One of the top reasons to maintain a good credit score is because it can help you secure a low interest rate on a home mortgage. In fact, a poor credit score can even disqualify you from a mortgage. But if you somehow manage to do get a home loan with a poor credit score, you’ll likely pay thousands of dollars extra in interest payments than if you had a better score.
Home ownership is still central to the American dream and a big goal for most people. It is also usually the largest loan an individual will have in their entire lifetime. Being approved for a mortgage and also securing a low interest rate all depends on your credit score and history at the time of application. If you are approved for a mortgage, it is generally agreed upon that you are considered a trustworthy borrower, otherwise why would the lending institution take a chance on you at all?
But once you have been approved for a mortgage and moved into your new home, what happens to your credit after you’ve signed on the dotted line?
Expect an Initial Drop
The process for taking out a mortgage is similar to taking out a car loan or other form of financing and impacts your credit in similar ways. First, the lenders will take out a hard inquiry on your credit to get a thorough look at your history. This hard inquiry will ding your credit a few points, but not significantly. It’s important to note that if you shop around for mortgages, multiple inquiries will only appear as a single inquiry if they are done in a 45-60 day period. It is always a good idea to shop around for the best rates, so take advantage of your 45-60 day window.
Once you have been approved for the mortgage and the amount shows up on your credit report, you can expect a relatively significant drop in your score. But this makes sense, as approximately 35 percent of your credit score is based on your ability to repay debt. Once you make consistent on-time payments, you will start to see your score improve again. During this period of initial repayment, it is wise to put off applying for additional loans or adding new lines of credit. This cooling-off period will give your credit time to bounce back from the hit from the mortgage, and ensure you get the best interest rates from having a solid credit score and history.
Benefits of Installment Debt
A mortgage can be a great tool to diversify your credit and can be a good sign to other lenders of your financial responsibility. The various kinds of debt you have account for approximately 10 percent of your credit score. A mortgage is considered “good” debt, or installment debt, because it has a physical asset attached to it, unlike a credit card. If you are unable to make payments on your house, the bank or lender can repossess the house and regain some of their capital. A credit card company, on the other hand, loses out if the borrower fails to pay. A credit card is in the category of revolving debt because the amount of debt fluctuates and is not attached to a tangible asset.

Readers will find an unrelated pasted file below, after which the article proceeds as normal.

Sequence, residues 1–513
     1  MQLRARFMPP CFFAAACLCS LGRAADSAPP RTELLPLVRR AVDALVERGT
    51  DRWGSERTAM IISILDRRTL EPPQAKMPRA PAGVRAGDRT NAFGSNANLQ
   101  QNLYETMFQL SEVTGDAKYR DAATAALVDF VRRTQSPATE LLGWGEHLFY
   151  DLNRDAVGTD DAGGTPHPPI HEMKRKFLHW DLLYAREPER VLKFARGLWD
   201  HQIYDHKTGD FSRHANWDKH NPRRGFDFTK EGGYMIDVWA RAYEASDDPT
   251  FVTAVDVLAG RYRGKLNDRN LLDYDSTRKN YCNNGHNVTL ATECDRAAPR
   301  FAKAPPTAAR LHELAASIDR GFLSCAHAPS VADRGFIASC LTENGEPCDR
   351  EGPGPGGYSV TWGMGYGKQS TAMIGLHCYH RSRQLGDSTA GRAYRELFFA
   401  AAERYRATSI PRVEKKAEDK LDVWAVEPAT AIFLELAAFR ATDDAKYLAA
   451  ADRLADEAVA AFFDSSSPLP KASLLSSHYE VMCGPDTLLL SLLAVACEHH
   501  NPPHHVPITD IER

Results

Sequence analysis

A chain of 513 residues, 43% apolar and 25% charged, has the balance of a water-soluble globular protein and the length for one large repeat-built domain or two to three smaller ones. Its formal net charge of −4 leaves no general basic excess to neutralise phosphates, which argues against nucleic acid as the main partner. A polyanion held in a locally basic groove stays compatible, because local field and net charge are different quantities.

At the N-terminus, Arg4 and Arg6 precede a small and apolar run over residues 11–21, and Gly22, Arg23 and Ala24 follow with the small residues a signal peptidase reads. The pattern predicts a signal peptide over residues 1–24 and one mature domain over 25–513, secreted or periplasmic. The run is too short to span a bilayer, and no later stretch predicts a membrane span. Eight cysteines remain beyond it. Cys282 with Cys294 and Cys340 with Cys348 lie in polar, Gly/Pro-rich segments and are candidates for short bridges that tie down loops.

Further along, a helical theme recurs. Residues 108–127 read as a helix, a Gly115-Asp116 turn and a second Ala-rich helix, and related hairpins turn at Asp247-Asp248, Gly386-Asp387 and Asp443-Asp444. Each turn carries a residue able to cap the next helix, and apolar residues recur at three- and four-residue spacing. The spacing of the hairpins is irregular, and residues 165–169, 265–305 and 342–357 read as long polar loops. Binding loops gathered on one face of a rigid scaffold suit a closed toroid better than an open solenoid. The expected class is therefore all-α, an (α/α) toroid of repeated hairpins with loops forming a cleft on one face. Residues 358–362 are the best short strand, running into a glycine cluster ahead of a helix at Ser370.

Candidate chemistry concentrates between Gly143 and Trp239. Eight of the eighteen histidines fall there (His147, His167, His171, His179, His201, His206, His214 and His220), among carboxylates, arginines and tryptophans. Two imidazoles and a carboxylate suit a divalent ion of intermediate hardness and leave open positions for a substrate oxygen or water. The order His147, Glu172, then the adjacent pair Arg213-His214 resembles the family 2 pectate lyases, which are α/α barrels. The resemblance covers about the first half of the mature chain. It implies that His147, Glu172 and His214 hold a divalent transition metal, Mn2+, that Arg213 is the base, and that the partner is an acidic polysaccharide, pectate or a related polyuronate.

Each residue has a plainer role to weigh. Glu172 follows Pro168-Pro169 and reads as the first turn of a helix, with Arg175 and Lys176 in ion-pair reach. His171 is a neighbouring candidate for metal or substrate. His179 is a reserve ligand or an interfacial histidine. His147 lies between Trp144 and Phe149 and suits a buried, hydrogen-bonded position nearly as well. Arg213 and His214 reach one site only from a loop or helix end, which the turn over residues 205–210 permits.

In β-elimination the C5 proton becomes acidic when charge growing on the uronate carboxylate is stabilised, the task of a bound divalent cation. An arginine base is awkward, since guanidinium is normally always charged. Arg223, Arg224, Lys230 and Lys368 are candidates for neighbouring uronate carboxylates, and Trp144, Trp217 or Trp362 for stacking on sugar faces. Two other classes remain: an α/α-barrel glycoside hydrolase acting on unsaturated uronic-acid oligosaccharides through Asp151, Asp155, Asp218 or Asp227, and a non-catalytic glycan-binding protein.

In general, it is a good idea to have both revolving and installment debt on your credit report. A mortgage is a great way to include some installment debt in your credit mix, and will work in your favor over the long run. As long as you make your mortgage payments on time, that is.
Making your Payments
As with most things in life, great responsibility comes with great risk. This is also true of a mortgage. Missing a payment on your mortgage is more significant than missing a payment on your credit card and can result in a bigger hit to your credit. This is because a mortgage is larger and more secured, so missing a payment is considered a higher risk than missing a payment on a smaller loan. Additionally, losing your home to foreclosure will also be a bigger hit on your credit than defaulting on a credit card, and can stay on your credit history for many years.
On the other hand, mortgages usually come with significant repayment terms, typically 15 to 30 years, and this provides a great opportunity to build your credit repayment history and increase your score over time. As mentioned above, payment history makes up 35 percent of your credit score, which is the most significant contributing factor. Over time, your ability to make on-time mortgage payments will lead to a better credit score and a better chance of securing other loans with low interest rates.